This week’s posts are all about liquids, the last texture in this series where I’ve been posting about foods and food-play activities categorized by texture. Liquid (and the water in liquids) is important for everything our body does. We need to stay hydrated for all of our body systems to work well.
This is a balance because we also need to be aware that dinks fill kids up, even water, but especially drinks like milk that have a lot of calories even though they can have important nutrients like calcium (milk) and vitamins (juices). So timing of drinks and amounts of drinks we give kids are really important. We can’t expect a child to eat a whole dinner after drinking 8 oz. of milk.
Sometimes kids can look like picky eaters when they only drink milk and refuse food, but really, they’re just full of milk so they’re not learning about and trying foods. Hunger is why we eat.. If kids aren’t hungry, they’re not going to eat.
But then, kids often ask for drinks like milk when they’re hungry. For all kids, but especially for those with low oral tone, drinking is a lot easier than chewing, so milk for dinner can seem really comforting and appealing.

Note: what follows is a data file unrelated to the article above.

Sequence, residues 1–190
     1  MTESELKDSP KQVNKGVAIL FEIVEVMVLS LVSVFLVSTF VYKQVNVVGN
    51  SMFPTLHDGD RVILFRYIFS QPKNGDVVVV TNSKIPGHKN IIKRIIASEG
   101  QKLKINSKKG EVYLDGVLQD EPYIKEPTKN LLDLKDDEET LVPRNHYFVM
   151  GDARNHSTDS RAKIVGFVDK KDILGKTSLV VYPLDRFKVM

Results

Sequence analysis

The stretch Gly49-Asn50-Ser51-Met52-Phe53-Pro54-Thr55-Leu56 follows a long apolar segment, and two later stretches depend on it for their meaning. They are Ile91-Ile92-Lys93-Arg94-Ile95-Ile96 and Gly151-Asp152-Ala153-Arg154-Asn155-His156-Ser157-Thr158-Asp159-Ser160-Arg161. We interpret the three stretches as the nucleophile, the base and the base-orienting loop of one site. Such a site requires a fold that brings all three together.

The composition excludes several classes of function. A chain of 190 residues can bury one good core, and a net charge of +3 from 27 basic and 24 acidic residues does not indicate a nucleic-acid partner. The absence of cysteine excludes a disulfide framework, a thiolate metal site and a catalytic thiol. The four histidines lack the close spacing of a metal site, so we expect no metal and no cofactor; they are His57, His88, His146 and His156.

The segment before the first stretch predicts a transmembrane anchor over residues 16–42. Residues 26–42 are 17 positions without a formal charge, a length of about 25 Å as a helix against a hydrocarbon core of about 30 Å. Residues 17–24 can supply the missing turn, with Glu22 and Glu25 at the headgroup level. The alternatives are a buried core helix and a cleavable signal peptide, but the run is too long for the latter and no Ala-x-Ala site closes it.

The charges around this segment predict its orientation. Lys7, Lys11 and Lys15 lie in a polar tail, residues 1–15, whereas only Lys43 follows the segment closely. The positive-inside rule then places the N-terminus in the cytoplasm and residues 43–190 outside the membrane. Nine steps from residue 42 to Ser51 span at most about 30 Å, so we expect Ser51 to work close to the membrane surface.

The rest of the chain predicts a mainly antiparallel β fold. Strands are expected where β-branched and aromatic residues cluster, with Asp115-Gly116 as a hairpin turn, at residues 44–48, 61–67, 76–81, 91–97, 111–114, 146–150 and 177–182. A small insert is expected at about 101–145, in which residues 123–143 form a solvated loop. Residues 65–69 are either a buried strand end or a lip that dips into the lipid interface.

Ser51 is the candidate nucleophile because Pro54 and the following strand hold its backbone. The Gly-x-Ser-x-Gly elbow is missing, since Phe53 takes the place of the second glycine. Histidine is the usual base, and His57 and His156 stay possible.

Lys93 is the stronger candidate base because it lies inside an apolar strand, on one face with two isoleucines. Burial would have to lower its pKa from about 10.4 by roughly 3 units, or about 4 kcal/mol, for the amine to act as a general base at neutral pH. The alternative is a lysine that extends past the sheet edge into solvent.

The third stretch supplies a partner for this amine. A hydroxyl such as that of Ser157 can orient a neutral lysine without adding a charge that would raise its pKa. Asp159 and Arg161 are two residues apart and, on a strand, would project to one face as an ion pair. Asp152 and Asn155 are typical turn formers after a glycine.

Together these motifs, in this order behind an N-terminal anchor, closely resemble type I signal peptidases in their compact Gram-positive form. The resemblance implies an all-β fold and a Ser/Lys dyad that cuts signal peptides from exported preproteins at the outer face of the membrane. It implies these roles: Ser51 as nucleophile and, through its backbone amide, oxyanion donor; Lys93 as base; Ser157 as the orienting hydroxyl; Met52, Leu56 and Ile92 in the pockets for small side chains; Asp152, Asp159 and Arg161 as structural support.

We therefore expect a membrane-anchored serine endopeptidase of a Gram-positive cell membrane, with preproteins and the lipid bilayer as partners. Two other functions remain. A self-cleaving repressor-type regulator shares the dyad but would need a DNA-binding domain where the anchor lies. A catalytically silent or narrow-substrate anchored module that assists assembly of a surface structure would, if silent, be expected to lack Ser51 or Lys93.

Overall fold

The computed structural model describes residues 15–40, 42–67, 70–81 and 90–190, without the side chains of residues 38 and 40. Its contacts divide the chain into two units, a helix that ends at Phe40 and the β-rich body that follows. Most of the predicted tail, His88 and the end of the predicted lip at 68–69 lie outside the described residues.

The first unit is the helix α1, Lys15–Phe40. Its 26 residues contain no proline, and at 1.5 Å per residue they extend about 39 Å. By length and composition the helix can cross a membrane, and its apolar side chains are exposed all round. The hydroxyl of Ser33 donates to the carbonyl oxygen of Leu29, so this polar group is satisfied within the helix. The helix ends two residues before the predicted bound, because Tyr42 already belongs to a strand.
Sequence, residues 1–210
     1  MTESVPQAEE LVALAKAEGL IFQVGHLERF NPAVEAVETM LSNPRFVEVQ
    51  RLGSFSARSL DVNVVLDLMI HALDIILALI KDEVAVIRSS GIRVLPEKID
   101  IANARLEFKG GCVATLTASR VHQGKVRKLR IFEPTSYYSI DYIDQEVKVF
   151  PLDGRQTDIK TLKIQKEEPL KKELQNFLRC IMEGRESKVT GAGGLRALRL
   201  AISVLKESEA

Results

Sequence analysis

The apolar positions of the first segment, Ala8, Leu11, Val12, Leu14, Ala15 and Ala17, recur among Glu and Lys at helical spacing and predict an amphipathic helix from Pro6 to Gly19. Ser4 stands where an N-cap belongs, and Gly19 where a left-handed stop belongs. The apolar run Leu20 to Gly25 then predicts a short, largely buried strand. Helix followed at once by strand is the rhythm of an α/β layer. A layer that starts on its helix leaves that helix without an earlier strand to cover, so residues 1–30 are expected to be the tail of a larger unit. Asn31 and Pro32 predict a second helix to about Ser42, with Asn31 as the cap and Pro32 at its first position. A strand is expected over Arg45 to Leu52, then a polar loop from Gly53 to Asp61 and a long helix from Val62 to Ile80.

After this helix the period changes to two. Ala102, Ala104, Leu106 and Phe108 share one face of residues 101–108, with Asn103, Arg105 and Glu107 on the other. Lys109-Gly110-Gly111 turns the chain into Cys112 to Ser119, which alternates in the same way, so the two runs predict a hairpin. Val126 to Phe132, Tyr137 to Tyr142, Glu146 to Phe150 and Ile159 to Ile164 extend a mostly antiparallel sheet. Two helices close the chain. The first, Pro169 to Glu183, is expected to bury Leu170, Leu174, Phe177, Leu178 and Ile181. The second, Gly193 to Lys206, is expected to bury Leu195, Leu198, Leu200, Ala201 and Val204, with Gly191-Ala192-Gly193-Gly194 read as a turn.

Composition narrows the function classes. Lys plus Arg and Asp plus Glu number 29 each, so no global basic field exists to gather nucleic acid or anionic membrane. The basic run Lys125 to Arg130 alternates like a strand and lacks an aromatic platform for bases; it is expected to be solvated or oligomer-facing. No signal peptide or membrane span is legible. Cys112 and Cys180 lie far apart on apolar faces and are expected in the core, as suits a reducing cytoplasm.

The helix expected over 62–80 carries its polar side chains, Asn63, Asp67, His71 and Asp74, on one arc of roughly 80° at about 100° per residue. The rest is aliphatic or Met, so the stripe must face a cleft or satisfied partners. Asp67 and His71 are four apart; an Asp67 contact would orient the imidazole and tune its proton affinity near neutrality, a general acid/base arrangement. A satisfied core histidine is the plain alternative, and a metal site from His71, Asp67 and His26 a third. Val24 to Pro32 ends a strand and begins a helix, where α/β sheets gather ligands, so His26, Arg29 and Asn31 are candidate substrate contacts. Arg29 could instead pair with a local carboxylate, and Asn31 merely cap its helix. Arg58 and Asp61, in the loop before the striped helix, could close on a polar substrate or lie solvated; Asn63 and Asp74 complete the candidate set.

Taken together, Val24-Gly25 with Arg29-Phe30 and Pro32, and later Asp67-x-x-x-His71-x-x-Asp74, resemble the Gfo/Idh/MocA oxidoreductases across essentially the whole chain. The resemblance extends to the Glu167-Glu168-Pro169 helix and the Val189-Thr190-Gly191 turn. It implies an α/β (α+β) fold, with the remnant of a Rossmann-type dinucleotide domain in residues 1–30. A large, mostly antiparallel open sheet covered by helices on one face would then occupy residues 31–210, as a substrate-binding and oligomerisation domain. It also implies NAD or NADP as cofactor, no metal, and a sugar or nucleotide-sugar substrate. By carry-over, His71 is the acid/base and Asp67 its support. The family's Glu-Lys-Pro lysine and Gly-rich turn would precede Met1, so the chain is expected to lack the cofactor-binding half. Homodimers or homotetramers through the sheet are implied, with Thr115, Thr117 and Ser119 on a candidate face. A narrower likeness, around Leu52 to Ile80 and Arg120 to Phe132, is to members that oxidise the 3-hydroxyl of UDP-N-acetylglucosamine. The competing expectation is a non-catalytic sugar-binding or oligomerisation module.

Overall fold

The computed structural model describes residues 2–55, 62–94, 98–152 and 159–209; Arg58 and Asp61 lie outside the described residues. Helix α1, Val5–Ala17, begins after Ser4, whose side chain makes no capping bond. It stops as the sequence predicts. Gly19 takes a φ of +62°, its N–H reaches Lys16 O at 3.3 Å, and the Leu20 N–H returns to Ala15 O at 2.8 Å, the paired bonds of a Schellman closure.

Like with everything else there is a fine line here for picking your battles. Sometimes they’re going to be tired and just need a smoothie for dinner. Save yourself the fight. But at times when you want them to work on chewing skills, just knowing that they’re asking for the easier option can make that tantrum make sense, so when you hold your ground and say tonight is a ‘chewing dinner,’ they can feel more understood.!
This said, I love drinks (and often have a smoothie for breakfast when I can’t handle a full-on chewing breakfast)! They’re refreshing, delicious, vital to hydration, a great way to get nutrition and a great way to work on oral motor skills through straw drinking as explained by Melanie Potock, MA, CCC-SLP from My Munch Bug and reposted by Speech and Feeding Solutions.
I hope you enjoy this week’s posts on drinks!